Johann Sebastian Bach was the dominant church musician of the 18th century.  He was an outstanding organist, prolific writer of all sorts of music, including oratorios.  He was for many years the organist/choirmaster at the St. Thomas Lutheran Church in Leipzig.  He would compose new music every week for the Sunday worship services. 


He did something that I think sets an example for all of us.  On each and every piece of music he composed, he inscribed these words in the top corner: “Sola Deo Gloria”:  To God alone be the glory. 


Bach has been called “the fifth evangelist.”  A good description of his work is “scripture put to music.”  The reason is similar to what Martin Luther was thinking.  So much of Bach’s music is based on scripture, and when you sing it you remember the scripture passage and message so much longer.  Even now I can sing in my head some of the hymns Bach wrote as I learned them in church through the years:  Wake, awake, for night flying, The watchmen on the heights are crying Brightest and best of the sons of the morning, Dawn on our darkness and lend us your aid…O sacred head now wounded, with grief and shame weighed down…


Are there any of you here today who are pietists?   Anyone?  The Lutheran Church in the 19th century was a very rational church.  The pastors emphasized proper order, clear thinking.  Worship was logical and precise.  It was controlled.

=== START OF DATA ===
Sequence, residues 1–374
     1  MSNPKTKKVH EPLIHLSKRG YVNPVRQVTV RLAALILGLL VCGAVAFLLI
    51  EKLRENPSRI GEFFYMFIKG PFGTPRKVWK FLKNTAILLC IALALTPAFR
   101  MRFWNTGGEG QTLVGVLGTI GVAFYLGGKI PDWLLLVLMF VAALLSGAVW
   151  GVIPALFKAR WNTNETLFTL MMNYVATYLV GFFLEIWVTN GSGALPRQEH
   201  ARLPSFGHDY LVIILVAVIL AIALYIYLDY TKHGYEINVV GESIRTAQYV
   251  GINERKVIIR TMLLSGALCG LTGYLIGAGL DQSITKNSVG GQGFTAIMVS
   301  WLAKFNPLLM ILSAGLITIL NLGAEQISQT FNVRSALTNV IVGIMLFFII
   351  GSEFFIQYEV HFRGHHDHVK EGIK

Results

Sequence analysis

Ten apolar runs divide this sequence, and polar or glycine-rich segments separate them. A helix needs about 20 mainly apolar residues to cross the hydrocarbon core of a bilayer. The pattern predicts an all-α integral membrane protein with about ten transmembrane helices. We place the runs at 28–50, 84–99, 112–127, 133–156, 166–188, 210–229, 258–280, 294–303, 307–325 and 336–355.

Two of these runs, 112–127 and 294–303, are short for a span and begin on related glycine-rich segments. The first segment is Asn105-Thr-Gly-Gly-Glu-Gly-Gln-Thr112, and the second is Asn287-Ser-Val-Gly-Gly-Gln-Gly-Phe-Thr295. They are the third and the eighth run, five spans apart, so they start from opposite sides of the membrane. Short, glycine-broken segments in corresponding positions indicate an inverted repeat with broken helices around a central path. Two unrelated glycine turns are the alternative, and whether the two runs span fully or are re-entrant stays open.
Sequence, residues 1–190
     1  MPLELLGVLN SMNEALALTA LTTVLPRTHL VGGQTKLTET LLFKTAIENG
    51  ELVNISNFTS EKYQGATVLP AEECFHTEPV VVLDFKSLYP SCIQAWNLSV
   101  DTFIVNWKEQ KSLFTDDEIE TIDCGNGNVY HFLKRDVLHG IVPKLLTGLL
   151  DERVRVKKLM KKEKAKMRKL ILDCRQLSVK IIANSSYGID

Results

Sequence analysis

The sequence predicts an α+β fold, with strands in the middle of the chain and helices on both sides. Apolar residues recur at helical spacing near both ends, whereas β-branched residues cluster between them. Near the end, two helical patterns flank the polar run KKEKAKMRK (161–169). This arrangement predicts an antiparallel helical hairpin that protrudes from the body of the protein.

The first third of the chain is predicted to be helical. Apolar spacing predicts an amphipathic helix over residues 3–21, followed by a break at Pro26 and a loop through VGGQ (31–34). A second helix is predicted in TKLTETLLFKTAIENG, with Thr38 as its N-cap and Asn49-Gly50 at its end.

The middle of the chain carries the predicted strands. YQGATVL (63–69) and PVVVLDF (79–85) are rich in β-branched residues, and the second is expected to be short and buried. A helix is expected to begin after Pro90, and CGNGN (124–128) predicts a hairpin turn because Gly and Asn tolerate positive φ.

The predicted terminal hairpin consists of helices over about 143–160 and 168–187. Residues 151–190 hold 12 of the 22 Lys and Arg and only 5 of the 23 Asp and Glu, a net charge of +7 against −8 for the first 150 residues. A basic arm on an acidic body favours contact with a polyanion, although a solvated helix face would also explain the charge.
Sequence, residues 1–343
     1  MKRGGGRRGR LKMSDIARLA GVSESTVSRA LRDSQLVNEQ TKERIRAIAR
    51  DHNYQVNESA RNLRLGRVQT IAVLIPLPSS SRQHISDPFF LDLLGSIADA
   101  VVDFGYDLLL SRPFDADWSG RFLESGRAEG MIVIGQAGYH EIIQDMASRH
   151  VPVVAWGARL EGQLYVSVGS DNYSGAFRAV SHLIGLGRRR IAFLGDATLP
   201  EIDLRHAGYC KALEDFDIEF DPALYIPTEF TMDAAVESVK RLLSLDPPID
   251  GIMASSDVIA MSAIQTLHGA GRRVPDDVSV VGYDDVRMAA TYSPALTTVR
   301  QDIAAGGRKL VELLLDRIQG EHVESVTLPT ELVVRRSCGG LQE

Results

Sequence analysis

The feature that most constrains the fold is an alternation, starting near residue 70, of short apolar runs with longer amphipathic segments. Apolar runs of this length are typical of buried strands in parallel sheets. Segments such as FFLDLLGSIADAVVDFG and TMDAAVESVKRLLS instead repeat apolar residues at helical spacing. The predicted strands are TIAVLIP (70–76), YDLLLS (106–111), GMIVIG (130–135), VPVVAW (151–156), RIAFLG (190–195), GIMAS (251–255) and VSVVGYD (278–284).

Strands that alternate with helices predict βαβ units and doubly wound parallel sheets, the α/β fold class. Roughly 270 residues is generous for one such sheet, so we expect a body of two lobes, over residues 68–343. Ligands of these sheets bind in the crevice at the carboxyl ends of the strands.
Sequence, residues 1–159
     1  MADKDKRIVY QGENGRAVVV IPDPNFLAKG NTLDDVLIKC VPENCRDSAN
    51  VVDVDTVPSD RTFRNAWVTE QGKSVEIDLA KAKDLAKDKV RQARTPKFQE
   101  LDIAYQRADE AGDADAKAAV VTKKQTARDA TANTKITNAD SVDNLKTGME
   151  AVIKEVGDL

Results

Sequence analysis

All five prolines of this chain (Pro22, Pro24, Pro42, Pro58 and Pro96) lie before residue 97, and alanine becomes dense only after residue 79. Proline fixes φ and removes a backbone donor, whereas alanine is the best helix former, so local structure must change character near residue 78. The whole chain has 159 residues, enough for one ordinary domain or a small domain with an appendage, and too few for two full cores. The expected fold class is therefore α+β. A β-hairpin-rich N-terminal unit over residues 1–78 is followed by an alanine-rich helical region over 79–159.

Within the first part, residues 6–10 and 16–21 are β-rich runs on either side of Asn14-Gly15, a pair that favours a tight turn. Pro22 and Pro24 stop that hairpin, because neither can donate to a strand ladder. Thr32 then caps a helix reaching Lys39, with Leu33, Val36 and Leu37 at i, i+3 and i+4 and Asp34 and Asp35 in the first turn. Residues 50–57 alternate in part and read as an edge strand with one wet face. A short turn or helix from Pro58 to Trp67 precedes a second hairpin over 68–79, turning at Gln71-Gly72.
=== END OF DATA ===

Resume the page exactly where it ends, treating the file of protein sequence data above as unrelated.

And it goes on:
Dr. Gracia Grindal is a professor at Lutheran Seminary in St. Paul, Minnesota.  She tells the story of Olaf Skliver.  Olaf had had it with that kind of worship.  One Sunday morning he shinnied up a tree near a Lutheran Church while worship was going on inside.  At the top of his lungs he sang some songs that touched his heart.  They were Norwegian folk songs.  The pastor came out and told him to be quiet.  Olaf is reported to have exclaimed in pietistic fashion, “At last I can sing the gospel in my own tune and in my own way – and I will!”


Should I ask the question again?  Are there any pietists here today?


Have you noticed that church music and hymns are changing these days?  Are you one that wishes we would sing just the songs we learned when we were growing up?


Here are some things to think about:


1.      Which songs would we choose to capture those we knew growing up?  Resurrection is a Pentecost Church – our folks come from a variety of church

backgrounds.  Your  pastors don’t even have the same hymn remembrance or preference.


2.      Lutherans don’t always know the same hymns.  There are German hymns

and Swedish hymns and Norwegian hymns and Danish hymns and Finnish